“A fair amount of officers patrolling the streets nowadays know nothing other than legalized marijuana in the state of California,” PORAC president Brian Marvel told San Francisco Bay Area online news source SFGATE. “They are much more receptive to conversations on marijuana.”

Marvel said that the STATES Act would allow federal agencies to coordinate their operations directly with local law enforcement to support legal cannabis farms while working to reduce unlicensed cultivation.

“We’re not making a moral judgment as to whether you should smoke it or don’t smoke it, but we want to make sure [legal cannabis companies] aren’t being drowned out by the illegal market,” said Marvel.

“We really need to do everything in our power to eradicate the illegal grows in California,” he added.

Marvel said that the policy shift made by the two police officers groups is also relevant to the ongoing conversation regarding psychedelics policy reform. He noted that many of the group’s members are more concerned with how the drugs can be used safely rather than focusing on the continued prohibition of psychedelics.

“Let’s not … bury our heads in the sand and just say ‘No no no, we’re going to be doing pure enforcement,’ when the reality is we should be focusing on violent crimes and making our communities safer,” Marvel said.

The policy change by PORAC and ORCOPs was praised by leaders who are working to reform the nation’s cannabis policy. Republican U.S. Representative Dave Joyce of Ohio, a supporter of an updated version of the federal bill known as STATES 2.0, thanked the two police groups for supporting the legislation.

“As a former prosecutor, I know firsthand that our law enforcement officers are already stretched thin – forcing these public servants to walk a discrepant line between state and federal policy not only defies state’s rights but is an inefficient use of precious law enforcement resources,” Joyce said in an announcement from CPEAR about the police groups’ endorsement of the legislation. “Most importantly, it does nothing to enhance public safety and, in many cases, works against it. The STATES 2.0 Act would address this confusing discrepancy and empower law enforcement in their efforts to enforce cannabis law and address the unique needs of the communities they represent.”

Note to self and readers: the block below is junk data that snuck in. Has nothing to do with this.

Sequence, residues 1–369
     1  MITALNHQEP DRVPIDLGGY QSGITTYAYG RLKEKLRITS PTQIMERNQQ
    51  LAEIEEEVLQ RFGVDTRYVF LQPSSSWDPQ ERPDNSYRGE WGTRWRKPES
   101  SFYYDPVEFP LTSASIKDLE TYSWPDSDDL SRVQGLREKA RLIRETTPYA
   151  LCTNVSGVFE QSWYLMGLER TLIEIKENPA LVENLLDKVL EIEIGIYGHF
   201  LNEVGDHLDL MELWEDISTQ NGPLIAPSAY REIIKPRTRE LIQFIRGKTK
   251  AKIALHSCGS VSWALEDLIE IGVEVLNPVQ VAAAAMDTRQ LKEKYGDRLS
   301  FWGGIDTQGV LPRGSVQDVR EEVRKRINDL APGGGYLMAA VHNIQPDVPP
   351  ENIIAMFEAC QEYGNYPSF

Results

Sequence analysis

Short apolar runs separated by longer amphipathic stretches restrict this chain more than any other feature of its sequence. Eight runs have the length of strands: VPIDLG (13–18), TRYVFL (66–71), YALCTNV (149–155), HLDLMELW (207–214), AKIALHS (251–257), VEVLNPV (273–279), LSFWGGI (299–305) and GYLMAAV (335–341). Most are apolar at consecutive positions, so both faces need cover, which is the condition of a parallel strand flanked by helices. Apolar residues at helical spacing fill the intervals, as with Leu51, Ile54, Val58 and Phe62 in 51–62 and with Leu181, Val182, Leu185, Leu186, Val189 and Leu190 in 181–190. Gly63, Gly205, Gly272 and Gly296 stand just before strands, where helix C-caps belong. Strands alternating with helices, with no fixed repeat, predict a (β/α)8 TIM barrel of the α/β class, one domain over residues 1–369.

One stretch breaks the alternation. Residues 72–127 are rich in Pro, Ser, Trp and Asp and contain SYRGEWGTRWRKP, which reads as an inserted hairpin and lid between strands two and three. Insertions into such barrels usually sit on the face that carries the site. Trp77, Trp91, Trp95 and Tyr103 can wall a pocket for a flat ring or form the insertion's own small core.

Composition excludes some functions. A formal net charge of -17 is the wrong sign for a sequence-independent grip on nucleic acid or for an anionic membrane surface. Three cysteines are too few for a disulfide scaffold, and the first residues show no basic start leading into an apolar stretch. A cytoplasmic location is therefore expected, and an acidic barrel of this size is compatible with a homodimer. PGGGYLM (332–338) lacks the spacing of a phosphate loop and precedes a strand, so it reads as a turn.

The move by the two police groups to back federal cannabis policy reform was also welcomed by representatives of the regulated pot industry. Lex Corwin, the founder of California-based cannabis brand Stone Road Farms, said the “development is indicative of the changing ideological landscape surrounding cannabis.”

“The California police group is right– the ship has sailed. More Americans are in favor of legalization than ever before and a majority of Americans live in a state with recreational or medical access,” Corwin wrote in an email to High Times. “It’s time for America’s law enforcement to focus on the actual crimes plaguing society. Violent crime is up across the nation and the sooner we shift our law enforcement resources from eradicating a harmless plant to solving real crime the better.”